Today, we watch slaves reshaping Virginia. The
University of Houston's College of Engineering
presents this series about the machines that make
our civilization run, and the people whose
ingenuity created them.
America's slave population
leveled off at 250,000 before the Revolutionary
War. Those slaves were heavily concentrated in
eastern Virginia, where they outnumbered the free
population three to two. America in general, but
Virginia in particular, was strongly changed by
this African presence.
Mechal Sobel's compelling book, The World
They Made Together, tells us how this ethnic
interweaving affected Colonial America. Think about
the way we deal with time. The white Protestant
population had the time-regulated mind of
18th-century rationalists. Time was elastic for the
Africans. It stretched out in summer and shrank in
winter. Time had different meanings in different
activities. Heaven was slow and Hell was fast.
Thomas Jefferson was the quintessential Virginia
rationalist. He fixated on time. It was something
to be penny-pinched. Clocks ticked in every room of
Monticello. A contemporary hymn caught that mood
when it told us,
Thy precious time misspent, Redeem,The slave majority had a lesson to teach
these people. Before they were done, they'd laid an
African rhythm on Virginian life.
Each present day thy last esteem:
But they did much more than that. The arts and
crafts of the South reflect strong African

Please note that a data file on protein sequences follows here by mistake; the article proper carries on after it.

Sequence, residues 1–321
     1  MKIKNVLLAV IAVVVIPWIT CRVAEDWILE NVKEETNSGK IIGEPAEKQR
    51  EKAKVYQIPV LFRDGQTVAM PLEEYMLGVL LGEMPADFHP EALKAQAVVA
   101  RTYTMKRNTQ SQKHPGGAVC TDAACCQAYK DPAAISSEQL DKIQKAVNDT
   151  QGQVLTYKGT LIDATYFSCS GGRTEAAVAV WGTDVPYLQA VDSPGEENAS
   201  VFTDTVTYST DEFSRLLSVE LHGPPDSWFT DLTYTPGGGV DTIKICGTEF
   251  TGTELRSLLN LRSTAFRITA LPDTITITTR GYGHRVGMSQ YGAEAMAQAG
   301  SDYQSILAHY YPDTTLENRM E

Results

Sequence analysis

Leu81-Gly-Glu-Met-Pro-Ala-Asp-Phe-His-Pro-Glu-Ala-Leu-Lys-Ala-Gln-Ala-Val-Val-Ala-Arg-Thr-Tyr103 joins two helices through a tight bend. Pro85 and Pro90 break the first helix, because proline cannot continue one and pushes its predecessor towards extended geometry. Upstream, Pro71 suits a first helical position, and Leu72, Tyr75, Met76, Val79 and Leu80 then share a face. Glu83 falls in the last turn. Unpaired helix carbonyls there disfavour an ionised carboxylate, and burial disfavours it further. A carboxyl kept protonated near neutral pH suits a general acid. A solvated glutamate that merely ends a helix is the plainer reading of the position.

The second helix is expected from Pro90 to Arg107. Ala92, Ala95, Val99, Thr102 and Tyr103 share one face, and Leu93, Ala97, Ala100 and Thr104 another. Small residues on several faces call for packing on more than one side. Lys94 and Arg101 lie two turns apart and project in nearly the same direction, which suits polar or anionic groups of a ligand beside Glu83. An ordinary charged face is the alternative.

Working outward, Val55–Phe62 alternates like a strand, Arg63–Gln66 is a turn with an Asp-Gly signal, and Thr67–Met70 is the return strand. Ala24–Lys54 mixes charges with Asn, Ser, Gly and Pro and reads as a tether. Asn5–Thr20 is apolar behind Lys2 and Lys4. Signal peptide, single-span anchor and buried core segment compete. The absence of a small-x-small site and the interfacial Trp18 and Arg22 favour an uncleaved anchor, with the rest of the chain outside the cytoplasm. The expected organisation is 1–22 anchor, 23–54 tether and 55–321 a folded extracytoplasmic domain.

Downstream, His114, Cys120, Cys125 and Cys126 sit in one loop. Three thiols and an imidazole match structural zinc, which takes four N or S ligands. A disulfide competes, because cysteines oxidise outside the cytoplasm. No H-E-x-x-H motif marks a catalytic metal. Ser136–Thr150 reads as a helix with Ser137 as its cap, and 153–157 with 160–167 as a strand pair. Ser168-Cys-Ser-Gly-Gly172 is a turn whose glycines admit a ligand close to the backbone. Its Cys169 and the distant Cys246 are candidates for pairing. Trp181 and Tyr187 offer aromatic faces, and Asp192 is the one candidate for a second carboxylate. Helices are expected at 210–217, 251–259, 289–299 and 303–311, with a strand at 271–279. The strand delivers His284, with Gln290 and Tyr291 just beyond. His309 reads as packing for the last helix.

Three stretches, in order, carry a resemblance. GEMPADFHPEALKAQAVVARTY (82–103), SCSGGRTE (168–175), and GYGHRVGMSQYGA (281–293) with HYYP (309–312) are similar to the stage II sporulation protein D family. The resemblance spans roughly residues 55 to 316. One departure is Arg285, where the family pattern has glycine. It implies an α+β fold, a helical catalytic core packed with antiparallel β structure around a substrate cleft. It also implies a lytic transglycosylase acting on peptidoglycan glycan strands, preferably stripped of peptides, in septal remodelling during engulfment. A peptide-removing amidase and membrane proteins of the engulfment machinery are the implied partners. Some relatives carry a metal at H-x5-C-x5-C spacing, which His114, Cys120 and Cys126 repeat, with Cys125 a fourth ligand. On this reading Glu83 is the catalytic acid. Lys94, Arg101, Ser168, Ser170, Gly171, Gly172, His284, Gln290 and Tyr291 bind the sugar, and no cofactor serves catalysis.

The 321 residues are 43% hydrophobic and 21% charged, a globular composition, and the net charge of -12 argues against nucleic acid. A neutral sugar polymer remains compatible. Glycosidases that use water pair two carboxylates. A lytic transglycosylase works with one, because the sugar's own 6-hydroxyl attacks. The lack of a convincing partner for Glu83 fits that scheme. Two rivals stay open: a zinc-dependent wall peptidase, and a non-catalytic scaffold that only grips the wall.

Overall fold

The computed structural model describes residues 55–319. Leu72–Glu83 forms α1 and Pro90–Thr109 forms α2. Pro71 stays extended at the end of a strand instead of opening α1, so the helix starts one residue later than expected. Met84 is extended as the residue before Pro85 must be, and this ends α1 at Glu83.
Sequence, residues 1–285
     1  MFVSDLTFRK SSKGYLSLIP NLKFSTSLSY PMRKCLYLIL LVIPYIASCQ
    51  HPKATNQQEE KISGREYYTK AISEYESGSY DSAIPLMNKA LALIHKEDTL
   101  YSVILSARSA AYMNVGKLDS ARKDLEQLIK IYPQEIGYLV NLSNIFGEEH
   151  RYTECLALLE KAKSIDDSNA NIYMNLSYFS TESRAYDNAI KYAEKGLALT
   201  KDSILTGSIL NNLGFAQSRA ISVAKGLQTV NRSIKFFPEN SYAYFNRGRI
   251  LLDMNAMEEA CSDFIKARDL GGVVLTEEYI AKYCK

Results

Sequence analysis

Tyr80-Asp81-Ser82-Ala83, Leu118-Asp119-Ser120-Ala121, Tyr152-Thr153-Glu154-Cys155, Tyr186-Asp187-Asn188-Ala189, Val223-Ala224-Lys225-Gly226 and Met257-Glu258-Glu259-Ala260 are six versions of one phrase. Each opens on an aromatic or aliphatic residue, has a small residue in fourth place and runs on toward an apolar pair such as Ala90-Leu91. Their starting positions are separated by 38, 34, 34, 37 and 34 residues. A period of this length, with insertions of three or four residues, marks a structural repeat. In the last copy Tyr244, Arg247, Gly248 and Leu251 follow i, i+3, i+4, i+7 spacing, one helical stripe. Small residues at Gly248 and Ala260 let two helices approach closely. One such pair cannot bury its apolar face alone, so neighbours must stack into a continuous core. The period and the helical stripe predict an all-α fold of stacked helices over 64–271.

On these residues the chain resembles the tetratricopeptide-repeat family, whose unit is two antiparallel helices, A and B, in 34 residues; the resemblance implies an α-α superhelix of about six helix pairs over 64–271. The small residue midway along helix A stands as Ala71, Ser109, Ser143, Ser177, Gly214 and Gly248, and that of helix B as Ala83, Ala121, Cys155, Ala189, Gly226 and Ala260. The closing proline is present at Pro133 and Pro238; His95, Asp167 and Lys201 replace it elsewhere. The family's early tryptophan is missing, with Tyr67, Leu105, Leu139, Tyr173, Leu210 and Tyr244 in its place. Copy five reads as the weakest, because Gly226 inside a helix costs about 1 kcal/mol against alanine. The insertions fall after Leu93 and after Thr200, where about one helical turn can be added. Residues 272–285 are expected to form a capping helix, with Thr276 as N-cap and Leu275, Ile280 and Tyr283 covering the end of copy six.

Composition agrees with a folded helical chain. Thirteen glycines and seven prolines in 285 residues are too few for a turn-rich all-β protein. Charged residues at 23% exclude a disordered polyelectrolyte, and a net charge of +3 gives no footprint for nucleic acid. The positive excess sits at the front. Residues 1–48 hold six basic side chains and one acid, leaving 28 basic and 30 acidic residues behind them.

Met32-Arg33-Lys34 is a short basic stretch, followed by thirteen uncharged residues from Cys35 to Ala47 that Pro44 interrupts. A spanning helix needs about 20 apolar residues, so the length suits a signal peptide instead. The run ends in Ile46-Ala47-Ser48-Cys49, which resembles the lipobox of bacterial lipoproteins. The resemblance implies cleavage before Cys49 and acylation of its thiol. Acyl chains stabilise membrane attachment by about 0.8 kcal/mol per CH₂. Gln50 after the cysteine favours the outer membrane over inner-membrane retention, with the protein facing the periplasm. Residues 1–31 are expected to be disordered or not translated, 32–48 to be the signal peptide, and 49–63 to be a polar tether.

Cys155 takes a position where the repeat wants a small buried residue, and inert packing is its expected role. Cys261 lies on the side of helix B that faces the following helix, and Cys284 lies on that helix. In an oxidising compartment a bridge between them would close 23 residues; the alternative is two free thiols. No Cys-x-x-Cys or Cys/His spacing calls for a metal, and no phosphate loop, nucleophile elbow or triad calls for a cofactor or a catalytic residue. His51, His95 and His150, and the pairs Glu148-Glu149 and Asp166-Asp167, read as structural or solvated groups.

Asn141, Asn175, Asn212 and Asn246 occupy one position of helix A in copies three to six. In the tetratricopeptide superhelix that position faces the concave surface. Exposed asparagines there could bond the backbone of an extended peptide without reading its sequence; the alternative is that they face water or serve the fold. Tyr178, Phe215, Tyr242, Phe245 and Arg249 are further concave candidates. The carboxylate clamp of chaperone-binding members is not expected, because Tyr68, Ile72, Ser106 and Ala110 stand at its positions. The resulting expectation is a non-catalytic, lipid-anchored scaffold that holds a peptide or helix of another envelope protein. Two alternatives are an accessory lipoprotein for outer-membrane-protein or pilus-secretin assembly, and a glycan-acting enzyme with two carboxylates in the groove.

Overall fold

influences. Techniques of African
house-construction were carried into the new world.
Colonial toys, dolls, quilt-patterns, musical
instruments -- they all show African forms,
viewpoints, and craftsmanship.
Slaves also held Christianity up to the light of
their native belief in highly interactive gods. It
made sense to them. They took it up with startling
intensity. Negro spirituals were only the most
visible part of what proved to be serious
theological influence. And they turned the heat of
their conviction on their white masters. One of
Jefferson's slaves wrote to him when he was ill:
I was sorry to hear that you are so unwell ...
but I hope as you have been so blessed in [your
illness] that you considered it was God that done
it and no one other ...
We're startled to see the slave of a
United States president so openly invoking the ideas
of St. Paul in calling him to repentance. But the
institution of slavery, in such a uniformly mixed
population, resulted in this sort of intimacy between
blacks and whites. Thomas Jefferson showed curious
ambivalence on the subject of slavery. And we're
beyond being surprised when we learn that his death
was announced by flying a white flag. White -- the
African color of mourning.
By then, of course, our nation's culture had been
taken very far from England. By then we'd been
significantly -- and permanently -- reshaped in the
direction of African views and values.
I'm John Lienhard, at the University of Houston,
where we're interested in the way inventive minds